Insights for autism from Charcot-Marie-Tooth disease

Charcot-Marie-Tooth disease and autism are both associated with alterations in the number of copies of certain genetic regions, mutations in multiple candidate genes and with both inherited and spontaneous mutations, notes human geneticist James Lupski.

By James Lupski
27 September 2011 | 8 min read
This article is more than five years old.
Neuroscience—and science in general—is constantly evolving, so older articles may contain information or theories that have been reevaluated since their original publication date.

Polar opposites: Two regions in the human genome lead to contrasting physical and behavioral effects, depending on whether they are deleted or duplicated.

What can Charcot-Marie-Tooth neuropathy teach us about autism?

Charcot-Marie-Tooth neuropathy, or CMT, is a disorder that primarily affects peripheral sensory and motor nerves. The peripheral nerves are essentially the electrical system, or ‘wiring,’ of the human body, providing signals from the environment to the brain and delivering instructions and other ‘action items’ from the brain to the periphery. Usually, the farthest, or most distal, portion of the nerves are the most severely affected1.

Researchers gained a strong molecular foundation in understanding the genetics of CMT when they elucidated the mechanism for the CMT1A form of the disorder, which is caused by a duplication of the PMP22 gene2. This discovery revealed that the disease could manifest because of a subtle change in gene dosage3: Instead of a mutation in a gene altering the genetic code and producing an abnormal protein, just a change in the number of copies of a gene could cause disease.

Duplications or deletions of genomic regions, also called copy number variations, or CNVs, seem to be important to much of nervous system function and dysfunction. Examples include SNCAduplication and triplication, which lead to Parkinson’s disease, APPduplication and trisomy 21, which lead to Alzheimer’s-related dementia; and PLP1 duplication and triplication, which lead to leukodystrophy. Each of these illustrates this ‘gene dosage’ phenomenon.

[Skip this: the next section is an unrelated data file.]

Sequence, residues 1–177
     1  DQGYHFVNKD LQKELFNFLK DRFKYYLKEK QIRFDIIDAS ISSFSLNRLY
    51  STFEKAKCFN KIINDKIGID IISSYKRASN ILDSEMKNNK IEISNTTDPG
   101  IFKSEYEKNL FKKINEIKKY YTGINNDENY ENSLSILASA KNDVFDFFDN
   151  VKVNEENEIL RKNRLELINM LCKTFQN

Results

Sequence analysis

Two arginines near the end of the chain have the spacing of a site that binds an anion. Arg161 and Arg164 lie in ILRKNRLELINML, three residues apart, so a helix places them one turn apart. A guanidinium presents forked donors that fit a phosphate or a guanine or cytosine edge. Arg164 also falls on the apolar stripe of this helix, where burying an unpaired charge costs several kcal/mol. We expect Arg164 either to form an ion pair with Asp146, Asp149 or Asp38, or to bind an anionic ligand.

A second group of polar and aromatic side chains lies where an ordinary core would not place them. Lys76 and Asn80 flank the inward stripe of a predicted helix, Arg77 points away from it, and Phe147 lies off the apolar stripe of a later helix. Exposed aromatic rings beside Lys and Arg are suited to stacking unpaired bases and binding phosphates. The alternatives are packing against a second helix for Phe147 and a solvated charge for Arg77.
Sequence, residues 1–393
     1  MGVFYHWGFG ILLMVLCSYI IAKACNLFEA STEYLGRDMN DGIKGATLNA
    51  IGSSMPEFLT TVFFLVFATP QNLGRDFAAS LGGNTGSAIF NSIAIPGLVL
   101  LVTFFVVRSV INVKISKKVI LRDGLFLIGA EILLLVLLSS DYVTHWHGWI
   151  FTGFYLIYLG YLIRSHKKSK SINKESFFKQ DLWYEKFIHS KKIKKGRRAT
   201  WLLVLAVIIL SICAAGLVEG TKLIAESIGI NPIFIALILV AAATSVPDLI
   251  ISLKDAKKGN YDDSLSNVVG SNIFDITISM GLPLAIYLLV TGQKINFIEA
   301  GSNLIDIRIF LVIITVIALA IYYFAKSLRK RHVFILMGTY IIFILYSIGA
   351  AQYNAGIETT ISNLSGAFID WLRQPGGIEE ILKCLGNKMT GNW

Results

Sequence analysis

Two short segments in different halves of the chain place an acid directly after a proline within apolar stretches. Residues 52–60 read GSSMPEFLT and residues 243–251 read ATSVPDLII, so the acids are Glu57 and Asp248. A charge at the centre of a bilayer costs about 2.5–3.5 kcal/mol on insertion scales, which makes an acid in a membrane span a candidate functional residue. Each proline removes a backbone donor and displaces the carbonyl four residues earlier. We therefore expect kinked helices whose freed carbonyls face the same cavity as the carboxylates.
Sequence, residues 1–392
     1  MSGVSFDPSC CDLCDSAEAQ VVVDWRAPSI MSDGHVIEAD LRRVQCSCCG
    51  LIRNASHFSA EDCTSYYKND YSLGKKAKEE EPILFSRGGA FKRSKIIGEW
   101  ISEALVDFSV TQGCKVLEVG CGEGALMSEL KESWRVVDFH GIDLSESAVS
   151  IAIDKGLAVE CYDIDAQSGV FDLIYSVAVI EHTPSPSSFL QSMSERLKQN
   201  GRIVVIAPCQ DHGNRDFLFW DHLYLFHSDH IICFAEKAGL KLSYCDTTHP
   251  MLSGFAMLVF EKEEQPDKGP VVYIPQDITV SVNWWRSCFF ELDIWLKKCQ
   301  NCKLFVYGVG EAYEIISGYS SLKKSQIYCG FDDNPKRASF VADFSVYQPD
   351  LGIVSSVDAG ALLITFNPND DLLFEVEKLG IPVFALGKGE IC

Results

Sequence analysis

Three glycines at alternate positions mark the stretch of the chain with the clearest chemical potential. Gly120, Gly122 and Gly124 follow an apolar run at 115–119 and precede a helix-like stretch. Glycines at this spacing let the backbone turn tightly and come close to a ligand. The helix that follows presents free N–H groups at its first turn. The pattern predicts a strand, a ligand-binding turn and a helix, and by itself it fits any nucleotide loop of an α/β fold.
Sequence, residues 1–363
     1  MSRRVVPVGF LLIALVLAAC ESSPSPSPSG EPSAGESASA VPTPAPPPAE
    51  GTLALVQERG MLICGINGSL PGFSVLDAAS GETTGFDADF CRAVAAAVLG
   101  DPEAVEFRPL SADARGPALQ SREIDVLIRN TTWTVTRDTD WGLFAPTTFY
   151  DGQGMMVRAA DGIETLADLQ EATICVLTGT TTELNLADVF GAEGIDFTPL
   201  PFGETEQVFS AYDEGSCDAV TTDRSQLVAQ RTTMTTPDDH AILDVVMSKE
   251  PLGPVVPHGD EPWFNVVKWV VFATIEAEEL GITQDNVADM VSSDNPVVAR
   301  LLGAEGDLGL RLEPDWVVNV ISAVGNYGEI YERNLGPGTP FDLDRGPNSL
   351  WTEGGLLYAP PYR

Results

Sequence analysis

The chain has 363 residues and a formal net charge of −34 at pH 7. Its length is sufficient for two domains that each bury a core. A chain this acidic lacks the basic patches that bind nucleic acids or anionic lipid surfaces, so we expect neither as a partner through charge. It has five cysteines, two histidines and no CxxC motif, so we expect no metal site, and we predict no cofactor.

One early success in the application of genetic technologies to the study of autism was the robust association with the disorder of a specific recurrent CNV in the 16p11.2 chromosomal region4. We are beginning to appreciate that, with respect to neurobehavioral traits, a genetic susceptibility CNV can manifest in a remarkable range of phenotypic findings.

As the ‘one gene, one enzyme’ hypothesis has clearly met its challenges, so too has the ‘one mutation, one disease’ corollary. Issues of variability of expression and reduced penetrance — whether a given mutation actually leads to a phenotype — provide further challenges for CNV-associated neurobehavioral phenotypes.

Families and researchers are faced with this uncertainty of clinical manifestation, which is further confounded by limitations of clinical phenotyping — how one identifies (sensitivity) and consistently characterizes (specificity) human behavioral traits and differentiates them from normal variation. Nevertheless, trends can emerge and the identification of such trends can perhaps teach us important lessons.

Genetic culprits:

Two decades of genetic investigations have taught us that mutations involving any one of more than 40 different genes can result in a CMT neuropathy phenotype5. Similar genetic heterogeneity appears to exist for many human disease traits.

Both copy number gain and copy number loss can result in disturbed nerve function. Interestingly, at the PMP22 locus, CNV loss causes a clinical neurological entity distinct from that observed with CNV gain of the identical genomic interval.

For example, PMP22 duplication leads to the CMT1A syndrome, and PMP22 deletion leads to hereditary neuropathy with liability to pressure palsies, or HNPP, a neurological disorder that can suddenly affect the peripheral nerves on one side of the body and may first occur after trauma to the involved nerve. From this perspective, the HNPP deletion represents a genetic susceptibility CNV.

Although we are still in our early stages of understanding, it is interesting that CNV gain versus loss at the identical loci can also provide susceptibility to distinct neurobehavioral traits6,7,8,9. For example, deletion of 16p11.2 leads to autism and enlarged head size (macrocephaly) whereas duplication leads to schizophrenia and smaller head size (microcephaly)6,7. By contrast, duplication of another genetic region, 1q21.1, seems to favor autism and macrocephaly, whereas deletion of the region causes schizophrenia and microcephaly (See image).

For CMT, non-recurrent CNVs, including the simple loss or gain of a gene or a single exon, as well as complex rearrangements such as triplication, may involve the same gene as recurrent CNVs10. These non-recurrent and other complex rearrangements can occur by novel DNA replication mechanisms involving combinations of CNV rearrangements spread over long genetic distances11, which can occur during mitosis.